There are conflicting opinions on what should be included in saag paneer, although there is some agreement that what makes it stand out from palak paneer is the presence of other greens.
While saag can include spinach like palak paneer, it also includes other types of greens such as radish leaves, fenugreek leaves, or mustard greens, which are the most popular kinds found in this dish.
What Is Palak Paneer?
When compared to saag paneer, paneer is similar in many ways, but it also has several differences. The main difference between saag paneer and palak paneer is that palak only has spinach while saag has other types of greens.
You’ll also notice, if you compare the two, that palak paneer is lighter in color. This is partly because of the presence of different greens in saag paneer and partly because palak paneer often includes cream as well, which lightens the color.
In palak paneer, you’ll experience spices such as turmeric powder, chili powder, or coriander. Palak paneer also includes blanched spinach leaves. The process of blanching spinach involves cooking it in boiling water for a short period and then cooling it immediately in ice water. It can also be blanched by cooking it in steam.
The process of blanching the spinach, which doesn’t happen with saag paneer, turns the spinach bright green, which impacts the color of the dish as well.
What Can You Substitute for Paneer?
Like many dishes in Indian cuisine, saag paneer and palak paneer are vegetarian. This is perfect for those with meat restrictions. The paneer is a good source of protein and adds to the thickness of the dish. However, since it is a type of cheese, you might wonder if there’s anything you can substitute for paneer, especially if you’re vegan or lactose intolerant.
Unlike most cheeses, paneer doesn’t melt, so it’s challenging to find a non-dairy cheese substitute that can match the texture and consistency. Anything you substitute is going to change the overall flavor and consistency of this dish, but the closest substitute for paneer would be tofu.
The paneer in saag paneer and palak paneer is often fried before adding it to the dish. To achieve this same flavor and texture, you can sear or fry your tofu as well.
Making Saag Paneer or Palak Paneer at Home
If you’re interested in trying one of these two dishes, you can head to a local Indian restaurant or attempt making them at home. The only ingredient that may be tricky to find is the paneer. If you have an Indian market or grocery store, check there first. You can also check in the exotic cheese section of a grocery store or check a health food store near you.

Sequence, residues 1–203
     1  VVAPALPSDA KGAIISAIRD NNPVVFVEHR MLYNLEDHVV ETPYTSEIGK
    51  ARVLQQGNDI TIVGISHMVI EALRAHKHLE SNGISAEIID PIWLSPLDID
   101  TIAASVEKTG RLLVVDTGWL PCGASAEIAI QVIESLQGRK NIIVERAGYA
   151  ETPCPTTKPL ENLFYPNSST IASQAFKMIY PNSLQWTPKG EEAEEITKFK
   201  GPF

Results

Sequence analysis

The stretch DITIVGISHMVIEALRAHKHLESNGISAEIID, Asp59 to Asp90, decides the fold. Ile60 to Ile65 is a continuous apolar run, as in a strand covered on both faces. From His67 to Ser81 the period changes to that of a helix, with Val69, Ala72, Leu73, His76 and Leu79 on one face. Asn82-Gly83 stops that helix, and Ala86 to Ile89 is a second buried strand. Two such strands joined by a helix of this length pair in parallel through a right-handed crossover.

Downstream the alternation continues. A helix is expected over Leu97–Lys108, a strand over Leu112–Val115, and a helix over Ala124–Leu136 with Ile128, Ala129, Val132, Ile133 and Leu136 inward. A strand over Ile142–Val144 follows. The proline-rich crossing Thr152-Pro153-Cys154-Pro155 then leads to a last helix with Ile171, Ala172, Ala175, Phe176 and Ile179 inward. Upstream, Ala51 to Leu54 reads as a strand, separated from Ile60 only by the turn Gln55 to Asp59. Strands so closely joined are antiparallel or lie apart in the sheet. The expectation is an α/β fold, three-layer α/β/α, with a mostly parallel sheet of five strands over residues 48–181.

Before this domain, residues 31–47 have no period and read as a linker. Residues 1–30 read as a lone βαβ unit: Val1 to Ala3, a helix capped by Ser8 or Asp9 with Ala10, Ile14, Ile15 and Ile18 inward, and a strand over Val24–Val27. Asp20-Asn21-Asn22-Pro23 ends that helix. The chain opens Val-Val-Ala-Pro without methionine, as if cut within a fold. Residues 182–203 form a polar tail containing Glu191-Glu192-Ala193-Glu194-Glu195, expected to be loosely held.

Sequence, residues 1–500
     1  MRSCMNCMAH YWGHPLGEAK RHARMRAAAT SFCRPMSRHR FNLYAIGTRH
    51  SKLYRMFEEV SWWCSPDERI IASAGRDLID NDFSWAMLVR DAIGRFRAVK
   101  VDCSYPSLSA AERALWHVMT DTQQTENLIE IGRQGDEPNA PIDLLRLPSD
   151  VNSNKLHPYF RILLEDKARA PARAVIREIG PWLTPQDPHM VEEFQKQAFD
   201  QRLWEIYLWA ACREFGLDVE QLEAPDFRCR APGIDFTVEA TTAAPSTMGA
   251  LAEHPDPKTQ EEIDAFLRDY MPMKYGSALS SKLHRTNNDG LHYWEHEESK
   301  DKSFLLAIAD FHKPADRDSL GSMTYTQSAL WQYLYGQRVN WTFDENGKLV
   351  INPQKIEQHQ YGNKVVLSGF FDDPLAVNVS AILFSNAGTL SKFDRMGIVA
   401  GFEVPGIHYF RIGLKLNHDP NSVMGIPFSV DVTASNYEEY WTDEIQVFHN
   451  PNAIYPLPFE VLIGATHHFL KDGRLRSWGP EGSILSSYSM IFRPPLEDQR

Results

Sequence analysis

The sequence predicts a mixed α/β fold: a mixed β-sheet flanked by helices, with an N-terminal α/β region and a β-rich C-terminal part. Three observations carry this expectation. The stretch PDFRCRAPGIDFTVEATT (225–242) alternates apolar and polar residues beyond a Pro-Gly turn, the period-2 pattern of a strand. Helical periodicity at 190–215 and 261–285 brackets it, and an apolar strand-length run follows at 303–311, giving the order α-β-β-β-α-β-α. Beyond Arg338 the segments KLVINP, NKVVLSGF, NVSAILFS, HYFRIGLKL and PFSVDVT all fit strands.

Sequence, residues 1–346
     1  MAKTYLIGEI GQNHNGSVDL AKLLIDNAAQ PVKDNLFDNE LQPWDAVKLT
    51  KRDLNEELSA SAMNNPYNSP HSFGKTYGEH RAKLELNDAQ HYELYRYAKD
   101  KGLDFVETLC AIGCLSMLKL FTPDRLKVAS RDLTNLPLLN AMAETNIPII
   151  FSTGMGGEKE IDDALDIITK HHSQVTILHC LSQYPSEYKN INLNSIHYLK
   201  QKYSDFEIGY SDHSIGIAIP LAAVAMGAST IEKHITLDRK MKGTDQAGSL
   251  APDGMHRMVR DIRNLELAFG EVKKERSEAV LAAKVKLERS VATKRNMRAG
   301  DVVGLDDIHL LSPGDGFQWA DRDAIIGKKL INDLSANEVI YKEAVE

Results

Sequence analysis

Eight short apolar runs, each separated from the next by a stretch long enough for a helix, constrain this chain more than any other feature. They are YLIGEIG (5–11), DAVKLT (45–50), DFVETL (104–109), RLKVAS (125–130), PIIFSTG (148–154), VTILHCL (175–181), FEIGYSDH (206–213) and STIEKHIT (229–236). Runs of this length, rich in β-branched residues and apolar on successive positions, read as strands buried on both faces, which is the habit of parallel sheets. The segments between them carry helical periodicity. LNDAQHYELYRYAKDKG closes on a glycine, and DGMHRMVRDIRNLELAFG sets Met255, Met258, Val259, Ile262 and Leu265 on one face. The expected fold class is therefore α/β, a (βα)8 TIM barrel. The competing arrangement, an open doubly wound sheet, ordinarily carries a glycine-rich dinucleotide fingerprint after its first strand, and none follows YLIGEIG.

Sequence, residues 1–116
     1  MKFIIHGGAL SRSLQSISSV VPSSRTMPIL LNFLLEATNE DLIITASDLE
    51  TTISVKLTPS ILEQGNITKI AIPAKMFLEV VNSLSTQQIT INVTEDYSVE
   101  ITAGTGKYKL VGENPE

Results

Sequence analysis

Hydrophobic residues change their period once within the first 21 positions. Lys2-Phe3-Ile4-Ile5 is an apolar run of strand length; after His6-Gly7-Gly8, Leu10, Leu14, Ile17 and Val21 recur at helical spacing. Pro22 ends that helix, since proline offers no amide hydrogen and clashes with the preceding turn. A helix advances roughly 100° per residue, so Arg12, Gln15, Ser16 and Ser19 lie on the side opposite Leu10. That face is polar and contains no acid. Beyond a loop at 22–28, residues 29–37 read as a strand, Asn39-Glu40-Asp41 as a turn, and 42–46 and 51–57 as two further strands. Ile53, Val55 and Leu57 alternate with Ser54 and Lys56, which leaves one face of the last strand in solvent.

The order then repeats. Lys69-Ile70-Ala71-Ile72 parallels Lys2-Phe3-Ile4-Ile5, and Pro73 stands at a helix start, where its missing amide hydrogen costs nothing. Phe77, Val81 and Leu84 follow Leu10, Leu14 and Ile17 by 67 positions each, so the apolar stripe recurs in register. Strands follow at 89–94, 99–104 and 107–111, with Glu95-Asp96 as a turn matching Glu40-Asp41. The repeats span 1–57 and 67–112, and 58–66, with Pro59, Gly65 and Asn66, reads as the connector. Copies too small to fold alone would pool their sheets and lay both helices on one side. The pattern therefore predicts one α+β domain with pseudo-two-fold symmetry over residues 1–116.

Both saag and palak paneer can be tasty and nutritious meals to make at home. If you’re looking for something comforting on a cool day or when you’re feeling under the weather, test out a recipe for saag or palak paneer. Try this delicious recipe!Print
For the Paneer Marinade:
- 250g paneer, cubed
- 1/2 cup thick yogurt
- 1 Tablespoon ginger-garlic paste
- 1 Tablespoon Kashmiri red chili powder (or paprika for milder flavor)
- 1 Tablespoon garam masala
- 1 Tablespoon lemon juice
- Salt to taste
- Skewers for grilling (wooden skewers, soaked in water for 30 minutes)
For the Gravy:
- 2 tablespoons ghee or oil
- 1 large onion, finely chopped
- 2 large tomatoes, pureed
- 1 Tablespoon ginger-garlic paste
- 1 teaspoon cumin powder
- 1 teaspoon coriander powder
- 1/2 teaspoon turmeric powder
- 1 teaspoon Kashmiri red chili powder
- 1 teaspoon garam masala
- 1/2 cup heavy cream
- Salt to taste
- Fresh coriander leaves for garnish
For the Paneer Marinade:
In a bowl, mix yogurt, ginger-garlic paste, Kashmiri red chili powder, garam masala, lemon juice, and salt to form the marinade.
Add paneer cubes to the marinade, ensuring they are well-coated. Let it marinate for at least 30 minutes.
Thread the marinated paneer onto skewers.
Grill the paneer skewers until golden brown and slightly charred, either on a grill or in an oven.
For the Gravy:
In a pan, heat ghee or oil. Sauté chopped onions until golden brown.
Add ginger-garlic paste and sauté for another minute.
Add cumin powder, coriander powder, turmeric powder, Kashmiri red chili powder, and garam masala. Cook for 2-3 minutes until the spices release their aroma.
Pour in the tomato puree and cook until the oil starts to separate from the masala.
Add heavy cream, salt, and grilled paneer. Simmer for 5-7 minutes until the gravy thickens.
Garnish with fresh coriander leaves.
- Calories: 400
- Sugar: 6 g
- Sodium: 600 mg
- Fat: 30 g
- Carbohydrates: 15 g
- Fiber: 15 g
- Protein: 15 g
- Cholesterol: 80 mg
The image featured at the top of this post is ©Elena Eryomenko/Shutterstock.com.